Adult animation doesn’t really have the best reputation. Many people consider animation as something that is only for children, while others look at adult oriented animation as an excuse to swear and make dirty jokes in a cartoon. I feel like it’s really unfair to lump all adult animation in the same category, as shows like Family Guy, South Park and The Simpsons use their higher rating as a vehicle for clever satire and humorous adult situations.
However, for every show like Family Guy, there’s another one like Brickleberry. I’m not throwing stones at Brickleberry, as I feel that it’s a funny enough show, but it definitely plays into the stereotype of jokes that really only make middle school aged kids laugh.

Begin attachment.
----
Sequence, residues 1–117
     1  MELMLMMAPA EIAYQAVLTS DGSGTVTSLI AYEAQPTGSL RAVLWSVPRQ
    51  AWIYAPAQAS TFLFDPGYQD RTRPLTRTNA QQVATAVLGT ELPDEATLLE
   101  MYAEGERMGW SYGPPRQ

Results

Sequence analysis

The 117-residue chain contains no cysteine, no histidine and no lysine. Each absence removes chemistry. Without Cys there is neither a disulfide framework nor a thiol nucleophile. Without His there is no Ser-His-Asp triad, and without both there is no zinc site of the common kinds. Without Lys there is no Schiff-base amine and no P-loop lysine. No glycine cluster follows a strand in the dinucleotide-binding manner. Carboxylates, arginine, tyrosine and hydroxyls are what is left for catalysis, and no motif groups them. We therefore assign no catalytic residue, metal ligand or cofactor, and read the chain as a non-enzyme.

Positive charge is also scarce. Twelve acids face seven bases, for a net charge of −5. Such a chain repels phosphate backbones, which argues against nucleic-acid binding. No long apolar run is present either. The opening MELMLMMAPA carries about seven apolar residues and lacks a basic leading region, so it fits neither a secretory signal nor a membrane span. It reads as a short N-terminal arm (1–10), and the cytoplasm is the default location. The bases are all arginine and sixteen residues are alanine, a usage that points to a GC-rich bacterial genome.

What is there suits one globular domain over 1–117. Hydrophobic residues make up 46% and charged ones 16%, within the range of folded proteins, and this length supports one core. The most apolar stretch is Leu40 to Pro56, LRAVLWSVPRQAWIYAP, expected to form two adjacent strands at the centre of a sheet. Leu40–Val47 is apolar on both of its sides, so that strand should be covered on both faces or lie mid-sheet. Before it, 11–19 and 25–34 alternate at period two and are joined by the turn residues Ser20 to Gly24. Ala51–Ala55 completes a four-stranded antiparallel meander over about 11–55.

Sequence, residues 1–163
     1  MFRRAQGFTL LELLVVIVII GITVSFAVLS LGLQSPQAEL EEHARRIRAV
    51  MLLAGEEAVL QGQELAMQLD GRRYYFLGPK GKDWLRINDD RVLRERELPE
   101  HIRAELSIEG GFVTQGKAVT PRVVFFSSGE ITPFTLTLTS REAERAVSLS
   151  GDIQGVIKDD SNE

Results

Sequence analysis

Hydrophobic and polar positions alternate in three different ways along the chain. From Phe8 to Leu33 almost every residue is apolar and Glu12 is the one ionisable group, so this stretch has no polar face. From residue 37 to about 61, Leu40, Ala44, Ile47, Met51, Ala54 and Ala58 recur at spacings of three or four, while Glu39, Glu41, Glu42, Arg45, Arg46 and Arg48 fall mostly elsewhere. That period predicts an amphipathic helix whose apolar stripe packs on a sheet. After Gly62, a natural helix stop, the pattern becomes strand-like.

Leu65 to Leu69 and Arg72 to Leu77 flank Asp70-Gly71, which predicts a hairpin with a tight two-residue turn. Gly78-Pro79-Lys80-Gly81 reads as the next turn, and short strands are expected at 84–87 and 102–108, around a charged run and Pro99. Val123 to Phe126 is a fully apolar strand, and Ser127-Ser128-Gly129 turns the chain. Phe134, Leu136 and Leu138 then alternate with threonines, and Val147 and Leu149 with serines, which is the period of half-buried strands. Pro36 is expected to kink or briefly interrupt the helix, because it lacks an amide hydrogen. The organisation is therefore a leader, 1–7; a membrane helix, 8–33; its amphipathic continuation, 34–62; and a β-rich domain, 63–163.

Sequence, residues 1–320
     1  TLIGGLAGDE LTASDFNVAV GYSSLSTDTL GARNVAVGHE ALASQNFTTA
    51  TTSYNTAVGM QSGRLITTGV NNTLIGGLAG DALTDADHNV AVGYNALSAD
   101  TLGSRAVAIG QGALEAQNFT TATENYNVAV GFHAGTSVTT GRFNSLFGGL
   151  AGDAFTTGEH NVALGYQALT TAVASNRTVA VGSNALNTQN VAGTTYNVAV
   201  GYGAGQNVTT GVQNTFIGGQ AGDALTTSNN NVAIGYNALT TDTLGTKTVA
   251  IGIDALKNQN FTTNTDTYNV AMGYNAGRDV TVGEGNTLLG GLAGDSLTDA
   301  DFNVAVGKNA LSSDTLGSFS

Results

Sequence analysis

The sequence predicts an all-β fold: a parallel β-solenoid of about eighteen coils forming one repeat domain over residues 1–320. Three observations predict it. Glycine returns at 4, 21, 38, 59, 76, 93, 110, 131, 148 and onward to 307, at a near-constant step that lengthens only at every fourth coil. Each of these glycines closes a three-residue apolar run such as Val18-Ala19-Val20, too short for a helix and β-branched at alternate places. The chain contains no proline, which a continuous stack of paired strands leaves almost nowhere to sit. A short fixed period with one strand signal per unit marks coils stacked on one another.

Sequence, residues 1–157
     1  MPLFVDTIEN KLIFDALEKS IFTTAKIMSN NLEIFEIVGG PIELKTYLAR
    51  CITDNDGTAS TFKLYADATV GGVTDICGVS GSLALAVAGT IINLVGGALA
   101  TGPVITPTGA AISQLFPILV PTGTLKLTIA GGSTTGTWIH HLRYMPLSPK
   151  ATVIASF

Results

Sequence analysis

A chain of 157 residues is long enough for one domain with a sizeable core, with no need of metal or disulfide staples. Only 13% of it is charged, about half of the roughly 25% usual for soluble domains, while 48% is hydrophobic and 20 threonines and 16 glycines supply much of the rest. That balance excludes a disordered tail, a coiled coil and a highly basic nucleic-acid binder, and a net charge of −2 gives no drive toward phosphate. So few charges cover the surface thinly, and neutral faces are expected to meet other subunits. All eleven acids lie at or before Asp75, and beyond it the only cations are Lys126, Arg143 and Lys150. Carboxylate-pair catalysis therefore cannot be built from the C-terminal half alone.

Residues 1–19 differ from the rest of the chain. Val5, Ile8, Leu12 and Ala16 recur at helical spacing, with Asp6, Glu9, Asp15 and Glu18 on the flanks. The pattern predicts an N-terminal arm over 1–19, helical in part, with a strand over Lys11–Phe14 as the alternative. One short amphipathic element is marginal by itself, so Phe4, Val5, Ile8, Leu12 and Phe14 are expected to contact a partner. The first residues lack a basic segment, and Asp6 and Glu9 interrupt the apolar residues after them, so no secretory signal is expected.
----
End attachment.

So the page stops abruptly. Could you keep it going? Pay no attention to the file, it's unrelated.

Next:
In comes BoJack Horseman, a Netflix exclusive adult comedy about a washed up actor who had a really popular sitcom in the late 80’s. At first glance, BoJack Horseman seems to fit pretty nicely into the generic adult comedy genre. The first couple of episodes have pretty stock jokes and characters, which gives the impression that the show is going to be a fairly harmless comedy.
But BoJack Horseman doesn’t stay this way for very long. The first couple of episodes are simply the set up for ones that are much more serialized and character driven, all while maintaining and even improving on the show’s relatable brand of humor. The episodes and seasons that follow are some of the most well written and executed I’ve ever seen in any form of animation.
Aren’t You That Horse From Horsin’ Around?
BoJack Horseman centers on the life and times of our titular hero, BoJack the horse. BoJack was the star of an 80’s family sitcom called Horsin’ Around, but in the years that followed the show’s ending, BoJack has struggled to maintain relevance in Hollywood that didn’t pertain to nostalgia.